Iraq. The tours around the Iraq elections were many and complicated. Even towards the end of the year, not all pieces were in place. On May 12, what was to be the first parliamentary election following the victory over the Islamic State (IS). About 24.5 million registered voters voted for 329 members of parliament who would then form government and elect prime minister and president. Nearly 7,000 candidates lined up. Of these, just over 2,000 were women. According to the polls, Prime Minister Haider al-Abadi was good. But when over half of the votes were counted, Muqtada led al-Sadr’s coalition, which was seen as a surprising comeback for the nationalist Shiite minister. In second place was the Shiite military commander Hadi al-Amiri’s alliance and in the third the incumbent Prime Minister Haider al-Abadi’s coalition. About a week after the election, al-Sadr’s coalition was named victorious by the country’s electoral commission. None of the three major blocs had gained their own majority, but al-Sadr’s coalition had gained the most seats in parliament. According to the constitution, a new government is to be formed within 90 days. Since al-Sadr did not stand in the election for the Prime Minister’s post, he could not get it, but he could appoint someone else. Voter turnout was the lowest since the fall of dictator Saddam Hussein, 44.5%.
In June, the message came from the country’s highest court that the nearly 11 million votes from the election would be recalculated because of suspected election fraud. Later, five Iraqi officials were brought to trial, suspected of electoral fraud and voting. Following these and other allegations of corruption, the Supreme Court decided to replace Iraq’s election commission with independent judges.
According to Countryaah.com, Baghdad is the capital city of Iraq, a country located in Western Asia. The counting of votes was not complete until August. Only then could the country’s highest court ratify the election result: Shiite minister Muqtada al-Sadr’s alliance Saairun (Forward) took home the victory in the May 12 election, but in order to gain a majority, he was forced into talks with other groups such as incumbent President Haider al-Abadis al -Nasr (Victory).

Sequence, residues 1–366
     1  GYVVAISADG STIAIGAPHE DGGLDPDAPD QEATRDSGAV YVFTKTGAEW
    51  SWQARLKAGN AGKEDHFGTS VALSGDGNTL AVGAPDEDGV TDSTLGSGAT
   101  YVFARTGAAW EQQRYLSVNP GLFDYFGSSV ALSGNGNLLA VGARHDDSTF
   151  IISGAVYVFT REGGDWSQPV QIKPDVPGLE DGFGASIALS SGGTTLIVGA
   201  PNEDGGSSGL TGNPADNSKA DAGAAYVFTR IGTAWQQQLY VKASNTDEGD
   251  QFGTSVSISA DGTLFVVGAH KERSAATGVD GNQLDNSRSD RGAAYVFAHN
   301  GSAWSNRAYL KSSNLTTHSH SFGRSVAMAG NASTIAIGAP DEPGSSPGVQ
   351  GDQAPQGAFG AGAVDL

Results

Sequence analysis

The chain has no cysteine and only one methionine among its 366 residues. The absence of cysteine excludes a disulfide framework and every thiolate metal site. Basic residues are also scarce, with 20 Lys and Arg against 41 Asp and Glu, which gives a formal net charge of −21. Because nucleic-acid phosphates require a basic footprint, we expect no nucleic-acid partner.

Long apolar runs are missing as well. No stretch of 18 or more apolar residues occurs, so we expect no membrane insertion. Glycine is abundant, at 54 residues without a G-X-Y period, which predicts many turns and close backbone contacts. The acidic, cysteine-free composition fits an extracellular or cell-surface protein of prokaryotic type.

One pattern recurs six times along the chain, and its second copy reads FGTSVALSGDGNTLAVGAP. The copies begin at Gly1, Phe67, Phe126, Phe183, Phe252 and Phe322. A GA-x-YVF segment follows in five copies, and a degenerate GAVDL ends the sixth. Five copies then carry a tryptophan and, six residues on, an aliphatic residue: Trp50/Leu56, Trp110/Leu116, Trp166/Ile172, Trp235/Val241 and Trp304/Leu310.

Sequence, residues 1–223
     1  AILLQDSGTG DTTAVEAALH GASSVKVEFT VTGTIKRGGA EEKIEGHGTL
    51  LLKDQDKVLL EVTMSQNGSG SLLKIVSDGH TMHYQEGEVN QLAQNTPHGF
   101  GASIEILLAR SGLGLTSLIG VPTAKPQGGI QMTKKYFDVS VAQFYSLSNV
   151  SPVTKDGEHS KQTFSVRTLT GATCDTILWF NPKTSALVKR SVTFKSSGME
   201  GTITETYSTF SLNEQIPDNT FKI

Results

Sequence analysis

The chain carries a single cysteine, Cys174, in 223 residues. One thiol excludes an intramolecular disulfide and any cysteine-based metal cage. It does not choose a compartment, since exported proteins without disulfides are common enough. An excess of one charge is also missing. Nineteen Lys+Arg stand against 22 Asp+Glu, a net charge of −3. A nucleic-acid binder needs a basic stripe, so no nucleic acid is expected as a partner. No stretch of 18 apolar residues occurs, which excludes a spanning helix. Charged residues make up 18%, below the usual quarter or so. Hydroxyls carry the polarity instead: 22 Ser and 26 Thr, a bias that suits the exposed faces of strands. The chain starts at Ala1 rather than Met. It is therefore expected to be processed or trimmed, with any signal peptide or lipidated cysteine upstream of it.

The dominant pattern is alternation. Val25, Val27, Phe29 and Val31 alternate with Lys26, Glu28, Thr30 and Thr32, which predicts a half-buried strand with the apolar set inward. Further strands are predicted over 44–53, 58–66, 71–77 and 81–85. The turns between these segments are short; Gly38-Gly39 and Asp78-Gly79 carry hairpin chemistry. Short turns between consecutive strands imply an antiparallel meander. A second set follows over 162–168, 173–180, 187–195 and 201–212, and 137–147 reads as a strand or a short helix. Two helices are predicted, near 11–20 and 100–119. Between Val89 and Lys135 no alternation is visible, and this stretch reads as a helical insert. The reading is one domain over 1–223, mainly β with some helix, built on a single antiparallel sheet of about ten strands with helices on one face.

In early October, the parliament voted by a large majority to elect Kurdish presidential candidate Barham Salih as new president – 219 votes against 22 for Fuad Hussein. Salih then proposed Shia Muslim Adil Abd al-Mahdi as new prime minister. He took office on October 25. By the end of the month, 14 new ministers had been approved by Parliament, including foreign, finance and oil ministers – but not important posts such as the Minister of Defense and Home Affairs. Iraq’s political system is structured so that no group can dominate – the Speaker is normally Arab Sunni Muslim, Prime Minister Arab Shia Muslim while the President is Kurdish; he has basically just a ceremonial function, except in the formation of the government itself. Even in December, five posts were not added to the government.
For the first time since 2016, Turkey carried out an extensive offensive against Kurdish guerrilla movements on the Iraqi side of the border between the two countries during the year. In early February, Turkish fighter aircraft attacked 19 PKK targets, and in March the Kurdish YPG guerrillas. In June, attacks were repeated against targets inside Iraq, this time PKK moorings in the Sinjar and Qandil mountains.
Although then-Prime Minister Haider al-Abadi, on December 9, 2017, proclaimed victory in the three-year war against IS, northern Iraq has been hit by the terrorist organization with several assassinations and assassinations. According to analysts, there are signs that former IS members have regrouped in the Hamrin Mountains in northeastern Iraq. In March, for example, at least 25 people, both civilian and government soldiers, were killed in Kirkuk by IS warriors dressed as soldiers, and in Mosul, seven people were killed in a similar attack. At least 38 people died in January in two suicide attacks, probably carried out by IS, in the capital Baghdad.
During the summer, a series of popular protests started, which would last well into the fall. In July, protesters stormed the provincial government’s building in the city of Karbala, and in Basra, dozens of protesters were injured in clashes with police. It is dissatisfaction with the corruption and the lack of community service, the lack of food, water, electricity and work, that made the protests start and spread. In Basra, protesters blocked access to important oil fields to put pressure on the authorities. The protesters were supported by the country’s highest Shiite spiritual leader, the great Ayatollan Ali as-Sistani, who believes the lack of community service is extreme, including lack of electricity in the pressing summer heat.
Nadia Murad was awarded the Nobel Peace Prize in October. She was one of several thousand young Yazid women captured by the IS terrorist group in Iraq in 2014. She was subjected to sexual violence and torture before she managed to escape. Large parts of her family were murdered.